The Rockets gave Chris Paul a four-year max contract.
But they lost Trevor Ariza (to the Suns on a one-year, $15 million contract) and Luc Mbah a Moute (to the Clippers on a one-year, $4.3 million contract). Houston isn’t rushing to pay restricted free agent Clint Capela, either.
Those departures are major blows to a team trying to compete with the Warriors. Risking Capela signing his qualifying offer, which would make him an unrestricted free agent next summer, could also undermine the Rockets’ long-term future.
These hard-to-swallow decisions all make sense through one lens – money.
First-year owner Tilman Fertitta adamantly stated that the NBA’s luxury tax is not influencing the Houston Rockets’ offseason decisions.
“We know we’re going to be in the luxury tax, and if you want to compete for a championship, I feel like unless you get real lucky, you’re going to be in the luxury tax,” Fertitta told ESPN before the Rockets’ summer league game Monday against the Clippers. “So it is what it is. … It never even came up in any discussion.”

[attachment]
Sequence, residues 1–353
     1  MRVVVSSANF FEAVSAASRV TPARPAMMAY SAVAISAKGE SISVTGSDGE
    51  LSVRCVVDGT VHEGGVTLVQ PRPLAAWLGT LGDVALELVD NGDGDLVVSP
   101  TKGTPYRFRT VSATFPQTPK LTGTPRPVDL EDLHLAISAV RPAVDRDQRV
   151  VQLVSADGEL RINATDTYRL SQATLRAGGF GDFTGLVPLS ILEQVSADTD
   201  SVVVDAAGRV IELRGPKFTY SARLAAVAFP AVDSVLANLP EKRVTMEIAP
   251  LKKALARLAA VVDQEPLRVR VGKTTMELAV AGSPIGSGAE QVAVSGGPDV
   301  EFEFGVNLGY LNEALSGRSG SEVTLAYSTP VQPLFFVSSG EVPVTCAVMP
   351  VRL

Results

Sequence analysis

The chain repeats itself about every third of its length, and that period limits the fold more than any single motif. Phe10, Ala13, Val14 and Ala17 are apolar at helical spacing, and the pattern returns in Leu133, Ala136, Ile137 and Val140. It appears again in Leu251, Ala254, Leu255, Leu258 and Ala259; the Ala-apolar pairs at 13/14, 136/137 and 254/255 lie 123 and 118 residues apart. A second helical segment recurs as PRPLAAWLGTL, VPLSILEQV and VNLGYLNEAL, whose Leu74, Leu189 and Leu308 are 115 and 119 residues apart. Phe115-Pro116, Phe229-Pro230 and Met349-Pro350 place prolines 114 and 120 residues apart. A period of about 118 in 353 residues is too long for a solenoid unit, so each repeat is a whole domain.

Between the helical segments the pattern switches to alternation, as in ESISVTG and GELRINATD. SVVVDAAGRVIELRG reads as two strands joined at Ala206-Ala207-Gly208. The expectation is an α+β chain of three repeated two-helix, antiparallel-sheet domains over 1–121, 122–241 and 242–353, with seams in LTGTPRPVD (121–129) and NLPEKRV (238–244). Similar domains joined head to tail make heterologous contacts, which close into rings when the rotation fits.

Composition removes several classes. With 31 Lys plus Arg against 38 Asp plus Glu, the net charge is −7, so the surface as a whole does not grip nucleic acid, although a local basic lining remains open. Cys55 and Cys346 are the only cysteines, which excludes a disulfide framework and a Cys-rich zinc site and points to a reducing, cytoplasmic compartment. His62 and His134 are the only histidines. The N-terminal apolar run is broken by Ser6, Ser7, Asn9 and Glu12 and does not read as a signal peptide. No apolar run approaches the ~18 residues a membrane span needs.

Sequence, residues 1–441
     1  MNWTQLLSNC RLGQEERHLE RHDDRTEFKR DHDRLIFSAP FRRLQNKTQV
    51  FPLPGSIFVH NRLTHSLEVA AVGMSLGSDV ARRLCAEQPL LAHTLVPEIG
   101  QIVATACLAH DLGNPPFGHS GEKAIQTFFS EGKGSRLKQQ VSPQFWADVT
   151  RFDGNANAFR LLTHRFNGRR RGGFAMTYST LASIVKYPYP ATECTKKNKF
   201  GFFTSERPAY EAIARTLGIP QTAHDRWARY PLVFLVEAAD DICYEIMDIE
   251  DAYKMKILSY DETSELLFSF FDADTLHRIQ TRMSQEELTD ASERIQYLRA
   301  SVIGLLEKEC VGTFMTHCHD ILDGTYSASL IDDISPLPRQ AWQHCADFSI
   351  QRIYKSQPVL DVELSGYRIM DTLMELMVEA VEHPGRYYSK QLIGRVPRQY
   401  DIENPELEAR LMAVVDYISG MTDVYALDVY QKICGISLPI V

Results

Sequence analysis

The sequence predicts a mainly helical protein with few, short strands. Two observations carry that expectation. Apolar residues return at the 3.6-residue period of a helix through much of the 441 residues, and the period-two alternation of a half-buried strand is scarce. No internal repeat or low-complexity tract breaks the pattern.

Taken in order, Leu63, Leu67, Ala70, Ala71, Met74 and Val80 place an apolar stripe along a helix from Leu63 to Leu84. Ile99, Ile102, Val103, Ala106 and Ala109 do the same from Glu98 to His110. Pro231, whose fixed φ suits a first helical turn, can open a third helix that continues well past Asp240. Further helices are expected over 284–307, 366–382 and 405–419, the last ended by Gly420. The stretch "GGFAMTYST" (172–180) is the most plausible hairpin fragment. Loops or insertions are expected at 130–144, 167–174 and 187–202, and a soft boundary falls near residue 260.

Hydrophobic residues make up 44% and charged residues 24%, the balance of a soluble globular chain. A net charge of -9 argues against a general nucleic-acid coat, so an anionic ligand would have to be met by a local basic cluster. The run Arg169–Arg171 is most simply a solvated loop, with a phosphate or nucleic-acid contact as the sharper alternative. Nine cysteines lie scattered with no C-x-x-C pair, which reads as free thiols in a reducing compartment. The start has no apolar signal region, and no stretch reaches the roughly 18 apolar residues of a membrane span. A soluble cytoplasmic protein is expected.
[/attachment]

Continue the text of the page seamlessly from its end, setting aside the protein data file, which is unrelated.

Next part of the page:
Sources told ESPN that the Rockets’ initial offer to Capela was in the four-year, $60 million range, with the blossoming star center seeking a deal similar to Oklahoma City Thunder big man Steven Adams‘ four-year, $100 million contract. The Rockets plan to pursue forward Carmelo Anthony after his expected departure from the Thunder via being waived or bought out, league sources told ESPN’s Adrian Wojnarowski.
If Tillman’s quote is accurate, Rockets general manager Daryl Morey is doing a terrible job. Ariza and Mbah a Moute are far better than any replacements Houston could sign, and with those two proving their willingness to take one-year contracts, there would have been no adverse long-term effects for Houston. Re-signing Ariza and Mbah a Moute would have maximized the Rockets’ performance next season and not at all limited them beyond.
But of course Tillman’s quote is inaccurate. Houston lost Ariza and Mbah Moute and is in greater danger of losing Capela next summer because of the real-dollar costs of assembling such a team.
The Rockets probably won’t escape the luxury tax entirely, though if Capela accepts his qualifying offer, there’s at least a chance. But it’s a matter of degrees, and Fertitta clearly deemed Ariza and Mbah a Moute too expensive to keep. That’s fair. He can run the team as he sees fit, and after sinking so much money into purchasing the franchise, his spending power might be limited.
But it’s silly of him to misrepresent the obvious situation.